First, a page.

Choice of fertilisers: Everyone advising on the use of fertilisers should have a high degree of competence and due regard for the protection of the environment.
The Fertiliser Advisers Certification and Training Scheme (FACTS) is a nationally validated course developed by the fertiliser industry as a form of self-regulation. The emphasis is on practical knowledge applicable when selling or advising growers and giving advice that is economically and environmentally sound.
For relatively short production crops like bedding, pot plants, nursery stock and container grown cut flowers, the most practical method of fertiliser application is to use a low rate of base fertiliser or Controlled Release Fertiliser (CRF) supplemented by liquid feeding. This pattern provides flexibility as the strength, frequency and ratio of nutrients can easily be adjusted according to crop requirements.
CRFs are manufactured and used in the form of granules. They are blended with the growing medium or applied to each pot either during the potting process (in the potting hole) or as a top-dress. The granules contain water soluble plant nutrients which are released over a period of time (5 to 6, 8 to 9, 12-14 or 16-18 month formulations). The time together with the rate of granule application determines the amount of nutrients potentially available to the plant. Both the nutrient release period and rate of application vary across the crops grown according to requirements and market supplies availability. It is important therefore that changes in the base fertiliser and in the type or rate of CRF are followed by adjustments. In case CRFs become exhausted before the plants leave the nursery or are transplanted, additional fertiliser can be added by top-dressing or liquid feeding. Time for nutrient release in the media must be allowed in the case of top-dressing. There are also variations, in terms of the frequency of nutrient release at the start of a crop, the so-called ‘fast start’ and ‘slow start’.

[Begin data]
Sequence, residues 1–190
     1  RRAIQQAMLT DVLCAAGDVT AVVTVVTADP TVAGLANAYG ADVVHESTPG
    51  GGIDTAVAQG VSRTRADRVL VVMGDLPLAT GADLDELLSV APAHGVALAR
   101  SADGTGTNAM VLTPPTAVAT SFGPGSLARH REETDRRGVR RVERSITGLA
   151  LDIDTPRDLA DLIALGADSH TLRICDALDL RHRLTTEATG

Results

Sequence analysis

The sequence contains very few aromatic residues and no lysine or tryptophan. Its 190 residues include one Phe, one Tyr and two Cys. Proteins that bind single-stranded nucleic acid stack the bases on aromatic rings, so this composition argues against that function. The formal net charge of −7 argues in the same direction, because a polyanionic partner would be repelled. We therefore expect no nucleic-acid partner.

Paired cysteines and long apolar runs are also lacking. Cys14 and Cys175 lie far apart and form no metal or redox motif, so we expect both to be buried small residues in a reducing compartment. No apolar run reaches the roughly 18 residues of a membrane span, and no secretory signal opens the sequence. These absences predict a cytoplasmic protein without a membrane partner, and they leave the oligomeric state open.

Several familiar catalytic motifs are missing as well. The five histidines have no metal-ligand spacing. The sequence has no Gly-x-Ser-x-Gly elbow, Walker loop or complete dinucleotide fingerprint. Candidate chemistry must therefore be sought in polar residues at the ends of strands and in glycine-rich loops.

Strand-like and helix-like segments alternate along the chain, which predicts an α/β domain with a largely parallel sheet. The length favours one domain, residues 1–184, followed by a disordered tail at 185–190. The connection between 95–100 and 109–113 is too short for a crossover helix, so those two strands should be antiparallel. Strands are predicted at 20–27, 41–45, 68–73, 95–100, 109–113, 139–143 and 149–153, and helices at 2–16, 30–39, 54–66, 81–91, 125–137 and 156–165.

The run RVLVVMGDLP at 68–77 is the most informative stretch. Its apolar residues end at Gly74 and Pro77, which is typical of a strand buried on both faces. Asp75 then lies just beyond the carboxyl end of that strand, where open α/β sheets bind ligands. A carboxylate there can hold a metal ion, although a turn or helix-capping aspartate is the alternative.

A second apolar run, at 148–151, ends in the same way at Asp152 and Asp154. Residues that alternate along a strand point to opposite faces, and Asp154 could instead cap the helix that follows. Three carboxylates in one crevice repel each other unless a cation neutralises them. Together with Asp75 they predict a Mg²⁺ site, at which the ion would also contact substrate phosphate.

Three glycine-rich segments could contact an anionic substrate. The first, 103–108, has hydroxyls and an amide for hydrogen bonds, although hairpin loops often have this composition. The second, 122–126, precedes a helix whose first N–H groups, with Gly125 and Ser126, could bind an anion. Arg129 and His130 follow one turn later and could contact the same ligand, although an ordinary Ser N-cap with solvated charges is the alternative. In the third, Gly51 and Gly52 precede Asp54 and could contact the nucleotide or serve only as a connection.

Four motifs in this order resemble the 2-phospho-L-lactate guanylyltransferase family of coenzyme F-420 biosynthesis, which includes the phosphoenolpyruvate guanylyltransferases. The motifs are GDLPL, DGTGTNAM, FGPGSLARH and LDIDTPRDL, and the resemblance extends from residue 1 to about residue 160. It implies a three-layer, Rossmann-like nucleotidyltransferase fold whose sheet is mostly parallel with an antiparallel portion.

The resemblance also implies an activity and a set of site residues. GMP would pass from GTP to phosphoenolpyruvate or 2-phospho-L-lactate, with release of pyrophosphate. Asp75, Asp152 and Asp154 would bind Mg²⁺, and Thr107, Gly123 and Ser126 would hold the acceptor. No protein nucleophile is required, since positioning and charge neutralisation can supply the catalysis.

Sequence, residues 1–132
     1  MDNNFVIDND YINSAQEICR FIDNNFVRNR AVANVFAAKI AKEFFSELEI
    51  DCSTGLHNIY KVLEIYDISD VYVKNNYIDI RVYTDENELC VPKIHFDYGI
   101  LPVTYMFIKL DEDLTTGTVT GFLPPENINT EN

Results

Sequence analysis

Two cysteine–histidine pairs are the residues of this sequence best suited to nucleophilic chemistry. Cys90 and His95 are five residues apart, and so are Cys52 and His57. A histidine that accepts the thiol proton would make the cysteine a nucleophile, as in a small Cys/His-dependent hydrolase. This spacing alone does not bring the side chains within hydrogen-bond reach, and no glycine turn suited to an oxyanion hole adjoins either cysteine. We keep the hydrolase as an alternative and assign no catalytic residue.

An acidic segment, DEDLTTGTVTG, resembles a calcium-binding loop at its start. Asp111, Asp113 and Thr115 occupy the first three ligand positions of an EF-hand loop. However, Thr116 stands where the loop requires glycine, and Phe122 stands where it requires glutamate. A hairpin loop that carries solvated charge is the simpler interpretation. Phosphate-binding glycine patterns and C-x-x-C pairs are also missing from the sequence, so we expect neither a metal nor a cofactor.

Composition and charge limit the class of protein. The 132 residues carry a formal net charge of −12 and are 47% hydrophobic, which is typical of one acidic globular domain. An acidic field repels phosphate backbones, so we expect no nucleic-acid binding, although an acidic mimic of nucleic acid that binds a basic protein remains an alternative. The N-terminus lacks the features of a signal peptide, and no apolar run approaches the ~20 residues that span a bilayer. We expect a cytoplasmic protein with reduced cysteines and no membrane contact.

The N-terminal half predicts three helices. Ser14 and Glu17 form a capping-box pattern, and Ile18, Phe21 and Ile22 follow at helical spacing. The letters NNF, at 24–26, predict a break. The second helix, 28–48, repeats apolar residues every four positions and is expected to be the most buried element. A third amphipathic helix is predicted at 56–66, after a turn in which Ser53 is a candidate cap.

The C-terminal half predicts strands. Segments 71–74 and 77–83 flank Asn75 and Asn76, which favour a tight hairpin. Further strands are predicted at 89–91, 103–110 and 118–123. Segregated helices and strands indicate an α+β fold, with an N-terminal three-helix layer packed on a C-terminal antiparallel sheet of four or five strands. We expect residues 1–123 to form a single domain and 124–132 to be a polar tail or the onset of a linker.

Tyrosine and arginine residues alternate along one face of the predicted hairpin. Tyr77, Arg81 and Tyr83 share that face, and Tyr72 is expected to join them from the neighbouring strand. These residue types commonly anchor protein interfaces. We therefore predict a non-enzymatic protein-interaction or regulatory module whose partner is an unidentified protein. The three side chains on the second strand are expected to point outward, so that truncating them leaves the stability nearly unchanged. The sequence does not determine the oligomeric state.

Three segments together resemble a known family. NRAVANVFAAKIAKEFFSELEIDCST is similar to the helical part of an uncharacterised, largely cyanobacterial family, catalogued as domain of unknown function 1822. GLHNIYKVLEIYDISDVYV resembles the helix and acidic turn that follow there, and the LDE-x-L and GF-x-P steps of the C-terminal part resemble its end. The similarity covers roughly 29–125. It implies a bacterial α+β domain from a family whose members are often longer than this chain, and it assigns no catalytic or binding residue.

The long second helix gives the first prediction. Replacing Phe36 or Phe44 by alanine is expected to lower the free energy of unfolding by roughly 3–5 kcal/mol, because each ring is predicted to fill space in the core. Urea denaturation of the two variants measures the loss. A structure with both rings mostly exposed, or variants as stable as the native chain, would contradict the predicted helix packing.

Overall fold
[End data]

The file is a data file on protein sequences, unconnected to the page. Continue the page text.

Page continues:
The growing media also plays a role in the type of fertiliser used. For instance, calcium nitrate could be used to compensate for nitrogen immobilisation in bark or wood-fibre containing mixes and lime might be needed to raise the pH in peat based media (around 5.5 but 4.5 for ericaceous species).
Integrated Pest Management
Under the title ‘Build to Adapt’ the recent International Plant Propagator Society European Region conference focused on aspects that directly impact the sustainability of our industry. One area of particular relevance was plant protection. Integrated Pest Management (IPM), as a decision making process that uses all available techniques to grow crops and suppress pests, diseases and weeds effectively, economically and in an environmentally sound manner was discussed. IPM steps for managing pest populations include:
* Planning and managing ecosystems to prevent organisms from becoming pests.
* Putting in place mechanisms to identify pest problems at early stages, for example carrying out regular crop walks and keeping simple records of findings.
* Monitoring populations of pests and beneficial organisms and damage caused by pests and environmental conditions.
* Using injury thresholds to make treatment decisions.
* Suppressing pest populations to acceptable levels using a combination of biological, physical, cultural, mechanical, behavioural and chemical controls.
* Evaluating the effectiveness of treatments.
IPM takes into account factors that influence plant health and vigour as well as those that affect the health and reproductive capacity of pests, diseases and weeds. The need for optimising growing conditions for the crop while making them less favourable for pest development was emphasied. Key aspects in IPM programmes are:
* Optimising crop growth.
* Monitoring crops for pests.
* Knowledge of the life cycles of the main pests.
* Timely use of a range of control tools.
Good crop hygiene focuses on starting clean and preventing the introduction of pests. Prevention is easier and less expensive than managing established problems.